Method

  • 01
  • Dry-roast rice in a small frying pan over low heat until deep golden (10-15 minutes), cool then finely grind in a spice grinder or with a mortar and pestle, and set aside (see note).
  • 02
  • Dry-roast chilli in a small wok or frying pan over low-medium heat until completely charred and dried (10-15 minutes), then finely grind in a spice grinder or with a mortar and pestle, and set aside (see note).
  • 03
  • For nuoc cham, dissolve sugar in 50ml boiling water in a small saucepan, then cool briefly (1-2 minutes). Stir in vinegar and fish sauce, and stand to cool (10-15 minutes), then stir in garlic, chilli and lime juice.
  • 04
  • For potato crisps, heat oil to 140C. Rinse potato in a bowl under cold running water until water runs clear. Dry well with paper towels, then deep-fry in batches (be careful, hot oil will spit), turning occasionally, until light golden and crisp (2-3 minutes). Drain on paper towels and season to taste.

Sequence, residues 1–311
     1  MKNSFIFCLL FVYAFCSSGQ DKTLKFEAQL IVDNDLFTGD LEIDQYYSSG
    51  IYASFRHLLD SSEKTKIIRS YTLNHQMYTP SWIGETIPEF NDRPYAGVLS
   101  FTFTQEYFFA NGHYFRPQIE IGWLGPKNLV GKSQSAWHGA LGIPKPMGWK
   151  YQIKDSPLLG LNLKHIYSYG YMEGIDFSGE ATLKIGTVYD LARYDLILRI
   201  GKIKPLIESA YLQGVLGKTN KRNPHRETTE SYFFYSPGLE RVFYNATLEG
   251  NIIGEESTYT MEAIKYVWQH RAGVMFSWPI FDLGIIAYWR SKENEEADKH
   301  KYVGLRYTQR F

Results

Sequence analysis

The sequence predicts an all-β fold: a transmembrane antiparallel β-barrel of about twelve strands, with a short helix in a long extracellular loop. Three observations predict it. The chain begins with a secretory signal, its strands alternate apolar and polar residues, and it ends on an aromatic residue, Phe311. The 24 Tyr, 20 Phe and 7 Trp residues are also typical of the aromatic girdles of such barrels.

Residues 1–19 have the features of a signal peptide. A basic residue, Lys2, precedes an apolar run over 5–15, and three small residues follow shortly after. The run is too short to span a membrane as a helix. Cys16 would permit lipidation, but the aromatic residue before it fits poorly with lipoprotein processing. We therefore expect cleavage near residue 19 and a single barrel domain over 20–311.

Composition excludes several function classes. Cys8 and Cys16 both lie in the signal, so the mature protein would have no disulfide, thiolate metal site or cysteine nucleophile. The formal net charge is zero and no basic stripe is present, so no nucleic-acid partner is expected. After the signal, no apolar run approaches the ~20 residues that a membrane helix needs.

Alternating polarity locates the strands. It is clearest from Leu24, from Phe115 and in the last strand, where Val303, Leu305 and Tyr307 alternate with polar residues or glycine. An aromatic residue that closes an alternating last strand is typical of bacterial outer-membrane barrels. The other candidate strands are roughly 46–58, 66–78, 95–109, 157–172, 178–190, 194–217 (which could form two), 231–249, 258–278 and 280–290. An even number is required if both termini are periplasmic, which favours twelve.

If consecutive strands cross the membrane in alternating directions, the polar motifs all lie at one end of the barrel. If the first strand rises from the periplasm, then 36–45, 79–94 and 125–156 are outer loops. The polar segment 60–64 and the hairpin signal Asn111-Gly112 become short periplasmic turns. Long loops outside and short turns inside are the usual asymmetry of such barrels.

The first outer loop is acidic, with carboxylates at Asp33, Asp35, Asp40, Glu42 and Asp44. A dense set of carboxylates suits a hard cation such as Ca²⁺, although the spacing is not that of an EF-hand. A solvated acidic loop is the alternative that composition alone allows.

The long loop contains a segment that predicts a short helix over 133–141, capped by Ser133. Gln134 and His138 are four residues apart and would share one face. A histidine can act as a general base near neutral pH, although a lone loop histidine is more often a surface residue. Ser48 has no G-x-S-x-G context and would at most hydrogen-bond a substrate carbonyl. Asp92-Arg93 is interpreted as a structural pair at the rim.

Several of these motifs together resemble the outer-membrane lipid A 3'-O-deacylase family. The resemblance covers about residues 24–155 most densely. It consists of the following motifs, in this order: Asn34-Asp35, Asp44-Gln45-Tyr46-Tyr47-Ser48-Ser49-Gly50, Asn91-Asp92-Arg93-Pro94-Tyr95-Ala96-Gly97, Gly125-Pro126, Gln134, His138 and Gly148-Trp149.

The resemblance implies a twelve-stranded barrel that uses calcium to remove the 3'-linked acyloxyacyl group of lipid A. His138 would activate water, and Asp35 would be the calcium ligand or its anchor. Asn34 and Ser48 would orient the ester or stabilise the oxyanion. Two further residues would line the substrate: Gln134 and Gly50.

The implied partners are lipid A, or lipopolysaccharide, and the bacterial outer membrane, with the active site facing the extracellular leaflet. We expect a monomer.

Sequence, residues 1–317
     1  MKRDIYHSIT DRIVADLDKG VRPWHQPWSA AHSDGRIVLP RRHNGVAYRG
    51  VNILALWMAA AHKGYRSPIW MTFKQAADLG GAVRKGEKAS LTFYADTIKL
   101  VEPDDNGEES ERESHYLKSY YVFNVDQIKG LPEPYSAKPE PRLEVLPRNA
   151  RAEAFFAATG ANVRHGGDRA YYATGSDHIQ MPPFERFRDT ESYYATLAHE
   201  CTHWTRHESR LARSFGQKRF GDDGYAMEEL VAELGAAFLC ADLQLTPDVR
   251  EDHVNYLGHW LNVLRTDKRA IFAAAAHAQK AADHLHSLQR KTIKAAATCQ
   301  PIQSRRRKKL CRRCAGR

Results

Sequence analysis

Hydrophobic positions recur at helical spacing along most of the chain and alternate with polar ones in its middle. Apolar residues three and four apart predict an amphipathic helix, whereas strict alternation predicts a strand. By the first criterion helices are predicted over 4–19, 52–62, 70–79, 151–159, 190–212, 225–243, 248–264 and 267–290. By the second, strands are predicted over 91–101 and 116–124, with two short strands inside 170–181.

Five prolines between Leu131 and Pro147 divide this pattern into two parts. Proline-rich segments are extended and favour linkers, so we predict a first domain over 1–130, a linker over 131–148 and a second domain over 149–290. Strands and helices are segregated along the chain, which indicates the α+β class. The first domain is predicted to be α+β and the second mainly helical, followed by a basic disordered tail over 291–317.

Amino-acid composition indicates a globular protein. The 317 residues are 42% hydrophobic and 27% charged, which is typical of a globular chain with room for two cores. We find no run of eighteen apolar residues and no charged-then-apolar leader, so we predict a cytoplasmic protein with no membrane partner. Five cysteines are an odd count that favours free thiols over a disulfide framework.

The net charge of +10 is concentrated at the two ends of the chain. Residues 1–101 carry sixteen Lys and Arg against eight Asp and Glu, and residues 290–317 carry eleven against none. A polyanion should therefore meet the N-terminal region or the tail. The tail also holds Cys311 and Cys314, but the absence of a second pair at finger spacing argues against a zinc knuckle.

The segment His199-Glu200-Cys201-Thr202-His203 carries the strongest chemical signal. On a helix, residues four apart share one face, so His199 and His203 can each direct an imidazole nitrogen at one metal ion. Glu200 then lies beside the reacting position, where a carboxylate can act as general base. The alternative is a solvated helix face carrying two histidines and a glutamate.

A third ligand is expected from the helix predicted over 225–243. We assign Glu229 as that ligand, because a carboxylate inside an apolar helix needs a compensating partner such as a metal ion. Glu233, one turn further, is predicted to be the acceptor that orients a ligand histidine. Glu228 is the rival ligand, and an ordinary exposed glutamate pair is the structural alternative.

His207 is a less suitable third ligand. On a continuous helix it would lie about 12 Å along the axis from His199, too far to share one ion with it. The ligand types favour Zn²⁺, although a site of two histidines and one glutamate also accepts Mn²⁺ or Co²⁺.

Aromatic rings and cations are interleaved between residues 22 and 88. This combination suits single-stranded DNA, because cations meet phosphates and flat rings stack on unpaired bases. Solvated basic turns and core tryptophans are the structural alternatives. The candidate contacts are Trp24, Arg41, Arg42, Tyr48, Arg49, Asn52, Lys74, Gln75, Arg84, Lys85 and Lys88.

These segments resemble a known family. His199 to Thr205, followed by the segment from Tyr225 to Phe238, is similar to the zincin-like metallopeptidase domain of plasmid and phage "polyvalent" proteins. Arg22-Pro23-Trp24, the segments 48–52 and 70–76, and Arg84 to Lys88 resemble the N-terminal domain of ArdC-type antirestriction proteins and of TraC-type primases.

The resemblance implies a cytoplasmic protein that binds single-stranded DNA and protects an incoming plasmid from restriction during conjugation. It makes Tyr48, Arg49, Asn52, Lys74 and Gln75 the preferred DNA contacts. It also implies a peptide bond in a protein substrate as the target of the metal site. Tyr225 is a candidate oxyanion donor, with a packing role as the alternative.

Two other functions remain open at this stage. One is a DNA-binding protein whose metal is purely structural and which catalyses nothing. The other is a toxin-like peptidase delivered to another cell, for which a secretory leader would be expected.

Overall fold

• 05
  • Combine beef with ½ tsp roasted rice in a small bowl, and season with roasted chilli and salt to taste. Mix in a third of the nuoc cham, check seasoning – the mix should taste toasty from the rice and spicy from chilli – then add cucumber, mint, shallot, spring onion and extra nuoc cham to taste. Serve tartare topped with watercress and with potato crisps.

At A Glance

  • Serves 4 - 6 people
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At A Glance

  • Serves 4 - 6 people

Additional Notes

Roasted rice and chilli can be done in larger amounts, and kept in an airtight container for up to a month. Russet Burbank potatoes are available from select greengrocers; if they’re unavailable, use sebago potatoes.

Drink Suggestion

Weingut Wittmann “100 Hügel” Riesling 2014, Rheinhessen, Germany – a drier style riesling, with aromatic, round fruit supported by snappy acidity and minerality.

Featured in

Sep 2016